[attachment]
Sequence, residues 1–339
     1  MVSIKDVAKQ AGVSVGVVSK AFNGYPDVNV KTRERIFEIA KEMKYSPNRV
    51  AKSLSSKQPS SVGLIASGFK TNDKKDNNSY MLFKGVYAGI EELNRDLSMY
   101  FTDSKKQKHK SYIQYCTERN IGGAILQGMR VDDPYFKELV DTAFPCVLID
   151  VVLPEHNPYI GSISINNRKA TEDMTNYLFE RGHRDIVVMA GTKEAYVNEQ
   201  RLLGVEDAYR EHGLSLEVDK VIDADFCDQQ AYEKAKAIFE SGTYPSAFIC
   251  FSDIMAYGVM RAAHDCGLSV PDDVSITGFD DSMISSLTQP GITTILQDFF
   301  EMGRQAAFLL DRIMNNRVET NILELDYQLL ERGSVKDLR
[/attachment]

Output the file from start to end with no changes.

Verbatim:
Sequence, residues 1–339
     1  MVSIKDVAKQ AGVSVGVVSK AFNGYPDVNV KTRERIFEIA KEMKYSPNRV
    51  AKSLSSKQPS SVGLIASGFK TNDKKDNNSY MLFKGVYAGI EELNRDLSMY
   101  FTDSKKQKHK SYIQYCTERN IGGAILQGMR VDDPYFKELV DTAFPCVLID
   151  VVLPEHNPYI GSISINNRKA TEDMTNYLFE RGHRDIVVMA GTKEAYVNEQ
   201  RLLGVEDAYR EHGLSLEVDK VIDADFCDQQ AYEKAKAIFE SGTYPSAFIC
   251  FSDIMAYGVM RAAHDCGLSV PDDVSITGFD DSMISSLTQP GITTILQDFF
   301  EMGRQAAFLL DRIMNNRVET NILELDYQLL ERGSVKDLR